Innovative Retail Technologies

JUL-AUG 2017

Innovative Retail Technologies (formerly Integrated Solutions For Retailers) is the premier source for innovative yet pragmatic technology solutions in the retail industry.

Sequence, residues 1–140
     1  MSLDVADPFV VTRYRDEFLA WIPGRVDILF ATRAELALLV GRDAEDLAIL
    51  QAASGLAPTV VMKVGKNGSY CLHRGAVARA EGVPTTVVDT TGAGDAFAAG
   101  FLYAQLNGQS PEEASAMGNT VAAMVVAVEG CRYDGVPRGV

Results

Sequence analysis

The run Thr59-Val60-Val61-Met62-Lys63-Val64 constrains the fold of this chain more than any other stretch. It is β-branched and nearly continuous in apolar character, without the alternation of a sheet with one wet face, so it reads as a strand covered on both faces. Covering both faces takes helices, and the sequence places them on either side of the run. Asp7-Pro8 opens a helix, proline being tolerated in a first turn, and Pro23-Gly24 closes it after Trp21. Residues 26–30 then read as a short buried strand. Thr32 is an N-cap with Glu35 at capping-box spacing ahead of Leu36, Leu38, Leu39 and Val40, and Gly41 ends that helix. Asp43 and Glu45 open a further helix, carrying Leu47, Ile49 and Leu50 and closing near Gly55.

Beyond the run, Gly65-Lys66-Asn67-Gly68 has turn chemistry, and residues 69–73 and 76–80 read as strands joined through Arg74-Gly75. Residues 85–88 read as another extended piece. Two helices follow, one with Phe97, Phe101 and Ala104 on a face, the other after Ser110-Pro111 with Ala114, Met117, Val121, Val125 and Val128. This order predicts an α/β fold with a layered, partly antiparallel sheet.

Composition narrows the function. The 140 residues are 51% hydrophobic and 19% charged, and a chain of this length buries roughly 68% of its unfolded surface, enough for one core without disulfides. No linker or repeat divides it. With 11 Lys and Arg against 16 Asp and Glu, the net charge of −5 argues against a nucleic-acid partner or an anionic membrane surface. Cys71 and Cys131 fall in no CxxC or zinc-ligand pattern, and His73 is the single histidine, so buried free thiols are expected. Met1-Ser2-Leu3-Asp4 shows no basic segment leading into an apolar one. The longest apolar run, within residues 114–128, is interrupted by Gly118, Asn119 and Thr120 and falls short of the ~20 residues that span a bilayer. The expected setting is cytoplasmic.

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"Despite lingering misconceptions among even the most sophisticated CMOs and agency directors, beacons by themselves can't collect data." Asif Khan, president and founder, Location Based Marketing Association 19 Jul-Aug 2017 online sales. But beacons at retail provide a relative sweet spot for mobile commerce. For example, beacons are installed at more than 100 stores (e.g., Burberry, Hugo Boss, Godiva, etc.) on Regent Street in London. Those beacons are tuned to pedestrian traffic so passersby receive mobile messages when they're in the right place. And the beacons drive results. Almost half (48 percent) of those with the Regent Street app use it more than twice a month, according to AutoGraph, the company that deployed and runs the Regent Street beaconing program for the association. Regent Street stores are getting a tenfold uplift in offer redemption from beaconing, and 63 percent are using the app to plan visits to restaurants. Sensors Are Becoming Integrated But over time, the stand-alone beacon is becoming embedded in other things, from Wi-Fi access points in large stores to lighting and even flooring. As a result, location data from beaconing is becoming more integrated with other location data, such as from GPS signals and Wi-Fi. As yet another example of beacons integrating with other aspects of commerce, the platform of Boston-based Swirl just became integrated with Oracle so that personalized marketing, via beacons, can occur in a more integrated fashion. The idea is that in-store shopper behavioral data can be used to target and deliver personalized content with Oracle Marketing Cloud. The Swirl platform leverages digital location signals from beacons, GPS, and Wi-Fi to generate first- party data for various marketing channels. Using Data To Drive Offline Engagement And Insights The initial thought for many installing beacons was that in-store shoppers could be sent messages as they neared certain products. The reality is that beacons can do much more. Since they awaken specific mobile apps on a phone, they can be used to gather customer feedback via surveys after a customer leaves a store. They also can be used for retargeting shoppers later with personalized emails or online ads, as well as check the effectiveness of paid media in driving store traffic. In addition to being the places where most shoppers buy the most, stores now become a key asset in cross-channel marketing. PlaceIQ, a company that uses opt-in mobile app location data to detect when devices are present at specific locations, also announced a partnership recently with Oracle's BlueKai Marketplace, which advertisers use to build audiences for ad targeting. Advertisers are increasingly interested in finding likely buyers by connecting purchase signals such as ad interactions or website visits to actual in-store visits. Location data is especially relevant for packaged-goods and auto marketers. The deal between PlaceIQ and Oracle puts PlaceIQ data in BlueKai's Marketplace, but Oracle expects to use it in other products as well. The growing number of partnerships is creating more complexity in location data. In addition to its recent PlaceIQ deal, for example, Oracle also recently acquired Crosswise, a cross-device targeting firm that works with Placed. PlaceIQ data has also been flowing through Adobe's Audience Manager, the marketing tech firm's data management platform. Location data showing whether someone's mobile device was present at an automaker 's dealership, for example, can complement information already available in Adobe's system, such as data showing a visit to an automaker 's website through a mobile device or desktop computer. Advertisers can then target marketing messages across several channels or gauge the efficacy of their campaigns. Tying The Data Together Google recently announced that in an effort to bridge the "online ad–offline purchase" gap, it will begin to connect online ad exposure to brick-and-mortar sales. The company claims it will be able to track about 70 percent of all credit and debit card transactions and link them to online consumer behavior. Google's move is also a competitive response to Facebook's partnership with Square and Marketo, announced last summer. That partnership allowed Facebook to track consumer store visits and some transactions and was itself a competitive reaction to Google's store visit metrics, which have been part of its AdWords product since 2014. These moves are big leaps forward for advertisers. Ultimately, all marketers want an answer to the question: "Who buys what, when, and at what price?" The answer allows marketers to target consumers who are most likely to buy their products, at prices at which they are most likely to buy, making marketing expenditures much more efficient. A whole view of the consumer (i.e., knowing that people who saw an ad for a pair of Nike shoes then went out and bought it), is a powerful incentive for using targeted online ads. Knowing that consumers who shop at Home Depot also tend to shop at PetSmart drives decisions such as media purchases and placement, cross-promotions, and even store location for both companies. The bottom line is that proximity/ location data is quickly becoming the most valuable resource a marketer can have. Whether we use this data to tie physical movements to more effective ads online, or use the data online to track the effectiveness of those ads driving traffic to stores, the reality is that we finally have a way to close the gap.

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